Scientists have discovered a gene that, when mutated, makes mice grow obese without boosting their appetite. The finding, reported in tomorrow's Proceedings of the National Academy of Sciences, surprisingly suggests that white blood cells, key immune fighters, help regulate body fat.
During the past few years, researchers have linked mutations in five different genes to obesity in mice. For instance, a defective version of the gene coding for the hormone leptin results in ravenous mice that can't burn enough fat. Now cell biologists Denisa Wagner, Zhao Ming Dong, and their colleagues at Harvard Medical School in Boston have stumbled onto another obesity gene. The team was studying how white blood cells contribute to atherosclerosis, or hardening of the arteries. But when they studied mice lacking the gene for intercellular adhesion molecule-1 (ICAM-1), which helps white blood cells stick to blood vessels and other tissue, the mice grew obese.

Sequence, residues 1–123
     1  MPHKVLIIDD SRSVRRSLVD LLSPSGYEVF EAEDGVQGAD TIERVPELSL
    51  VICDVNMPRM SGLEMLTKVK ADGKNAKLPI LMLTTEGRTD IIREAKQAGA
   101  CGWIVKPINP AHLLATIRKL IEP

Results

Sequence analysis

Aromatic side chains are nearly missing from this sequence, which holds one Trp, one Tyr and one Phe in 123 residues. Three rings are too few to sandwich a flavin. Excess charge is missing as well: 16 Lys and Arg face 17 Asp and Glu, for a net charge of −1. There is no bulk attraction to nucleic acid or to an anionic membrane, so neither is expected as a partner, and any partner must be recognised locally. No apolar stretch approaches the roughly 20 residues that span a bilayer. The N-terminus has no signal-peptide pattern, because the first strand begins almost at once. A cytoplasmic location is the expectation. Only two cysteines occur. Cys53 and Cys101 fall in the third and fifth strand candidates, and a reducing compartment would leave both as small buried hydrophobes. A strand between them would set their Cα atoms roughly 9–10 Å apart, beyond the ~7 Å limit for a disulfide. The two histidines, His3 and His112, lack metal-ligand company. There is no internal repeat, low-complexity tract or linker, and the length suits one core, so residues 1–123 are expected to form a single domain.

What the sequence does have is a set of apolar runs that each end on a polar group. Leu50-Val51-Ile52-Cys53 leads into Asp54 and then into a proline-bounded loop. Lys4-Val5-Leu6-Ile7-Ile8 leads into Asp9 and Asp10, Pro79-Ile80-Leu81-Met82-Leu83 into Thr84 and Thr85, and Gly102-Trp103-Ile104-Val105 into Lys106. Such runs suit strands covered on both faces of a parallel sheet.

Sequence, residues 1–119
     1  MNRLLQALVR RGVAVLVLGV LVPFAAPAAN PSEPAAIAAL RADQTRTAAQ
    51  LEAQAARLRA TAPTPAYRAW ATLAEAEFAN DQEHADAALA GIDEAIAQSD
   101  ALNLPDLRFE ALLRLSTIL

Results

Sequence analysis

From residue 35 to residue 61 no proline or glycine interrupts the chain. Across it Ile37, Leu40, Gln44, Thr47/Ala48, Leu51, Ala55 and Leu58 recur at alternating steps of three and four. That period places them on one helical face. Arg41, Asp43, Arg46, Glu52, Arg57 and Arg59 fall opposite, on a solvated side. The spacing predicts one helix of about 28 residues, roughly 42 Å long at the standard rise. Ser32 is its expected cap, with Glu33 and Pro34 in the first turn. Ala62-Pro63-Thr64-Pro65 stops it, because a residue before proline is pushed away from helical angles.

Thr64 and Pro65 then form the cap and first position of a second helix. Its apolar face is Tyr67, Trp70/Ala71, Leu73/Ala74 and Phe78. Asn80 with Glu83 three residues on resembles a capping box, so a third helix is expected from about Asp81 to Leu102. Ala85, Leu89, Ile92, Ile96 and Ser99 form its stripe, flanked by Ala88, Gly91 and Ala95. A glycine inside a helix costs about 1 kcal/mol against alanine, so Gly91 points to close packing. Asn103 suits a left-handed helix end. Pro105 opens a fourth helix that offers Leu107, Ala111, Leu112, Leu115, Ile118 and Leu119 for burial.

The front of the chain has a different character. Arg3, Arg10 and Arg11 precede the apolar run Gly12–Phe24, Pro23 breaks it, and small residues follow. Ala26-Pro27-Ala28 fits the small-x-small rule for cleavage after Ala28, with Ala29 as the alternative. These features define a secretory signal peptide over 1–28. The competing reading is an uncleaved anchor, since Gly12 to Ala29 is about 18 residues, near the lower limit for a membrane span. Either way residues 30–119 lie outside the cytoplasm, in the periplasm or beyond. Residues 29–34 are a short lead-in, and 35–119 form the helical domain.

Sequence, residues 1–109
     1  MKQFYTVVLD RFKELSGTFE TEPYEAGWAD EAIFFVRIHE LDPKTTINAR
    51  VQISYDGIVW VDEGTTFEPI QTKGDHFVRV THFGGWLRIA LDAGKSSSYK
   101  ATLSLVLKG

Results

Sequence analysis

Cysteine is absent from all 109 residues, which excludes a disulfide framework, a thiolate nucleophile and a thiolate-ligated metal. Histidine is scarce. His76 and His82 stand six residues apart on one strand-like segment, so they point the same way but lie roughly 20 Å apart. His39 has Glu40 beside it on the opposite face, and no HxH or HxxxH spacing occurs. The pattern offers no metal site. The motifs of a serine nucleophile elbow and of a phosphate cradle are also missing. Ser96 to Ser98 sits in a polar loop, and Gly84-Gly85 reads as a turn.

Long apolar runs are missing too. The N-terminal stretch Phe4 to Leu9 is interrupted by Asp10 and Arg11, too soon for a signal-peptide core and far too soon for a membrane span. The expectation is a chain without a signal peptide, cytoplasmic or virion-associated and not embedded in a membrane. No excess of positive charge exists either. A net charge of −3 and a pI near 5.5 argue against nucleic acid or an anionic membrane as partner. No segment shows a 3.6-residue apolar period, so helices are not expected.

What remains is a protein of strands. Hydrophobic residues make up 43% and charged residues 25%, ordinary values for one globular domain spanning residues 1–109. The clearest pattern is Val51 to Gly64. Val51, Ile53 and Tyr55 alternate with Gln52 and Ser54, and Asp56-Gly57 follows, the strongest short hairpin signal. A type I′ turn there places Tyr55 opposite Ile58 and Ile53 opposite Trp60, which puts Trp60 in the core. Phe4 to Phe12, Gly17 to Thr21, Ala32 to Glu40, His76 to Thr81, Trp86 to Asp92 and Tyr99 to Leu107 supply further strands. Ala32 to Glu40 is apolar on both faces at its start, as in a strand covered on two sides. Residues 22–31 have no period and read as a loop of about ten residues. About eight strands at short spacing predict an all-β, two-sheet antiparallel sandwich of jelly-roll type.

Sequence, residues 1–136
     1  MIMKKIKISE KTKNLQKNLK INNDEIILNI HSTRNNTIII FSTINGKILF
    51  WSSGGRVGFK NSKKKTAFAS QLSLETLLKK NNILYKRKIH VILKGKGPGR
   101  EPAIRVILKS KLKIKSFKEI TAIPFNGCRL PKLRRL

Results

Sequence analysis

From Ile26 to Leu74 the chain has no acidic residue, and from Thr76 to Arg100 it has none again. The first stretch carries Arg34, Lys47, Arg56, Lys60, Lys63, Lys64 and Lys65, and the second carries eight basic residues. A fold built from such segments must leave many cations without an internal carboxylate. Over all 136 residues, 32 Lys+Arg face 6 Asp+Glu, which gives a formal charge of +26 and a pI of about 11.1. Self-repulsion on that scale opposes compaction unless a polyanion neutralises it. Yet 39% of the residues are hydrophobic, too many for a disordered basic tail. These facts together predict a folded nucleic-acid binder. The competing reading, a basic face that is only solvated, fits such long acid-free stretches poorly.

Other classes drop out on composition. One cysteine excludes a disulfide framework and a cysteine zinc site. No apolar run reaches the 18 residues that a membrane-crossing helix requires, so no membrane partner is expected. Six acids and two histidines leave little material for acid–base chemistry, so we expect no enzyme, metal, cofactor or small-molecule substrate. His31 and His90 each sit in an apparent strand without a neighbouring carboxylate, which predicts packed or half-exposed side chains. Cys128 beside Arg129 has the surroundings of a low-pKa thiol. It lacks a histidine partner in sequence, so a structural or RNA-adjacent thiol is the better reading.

Intrigued, the researchers allowed two groups of mice--normal and ICAM-1 mutants--to eat unlimited amounts of mouse chow. Every 2 weeks, they weighed the mice and measured how much food they had eaten. After 6 months, both male and female mice lacking the ICAM-1 gene weighed about 21% more than the controls--even though they ate the same amount of food. When fed a high-fat diet, however, mutant females were much more susceptible to obesity, tipping the scales at 48% heavier than controls. The sexes also put on the weight unequally. "The females really have big tummies," Wagner says, while "the males are chubbier overall." Although abdominal fat increases the risk of atherosclerosis, the connection to people isn't clear, says Wagner, because it's men who usually develop a spare tire around the gut.
"It's an intriguing and surprising finding," says Jeffery Friedman, a molecular biologist at The Rockefeller University in New York City. For now, though, the mechanism is a mystery. Wagner suspects that one of the many chemical messengers released by white blood cells might influence the efficiency of fat storage or metabolism. For example, by preventing these cells from sticking to fatty tissue, mutations in the ICAM-1 gene could be severing such communications. Wagner now plans to look for the ICAM-1 mutation in obese people.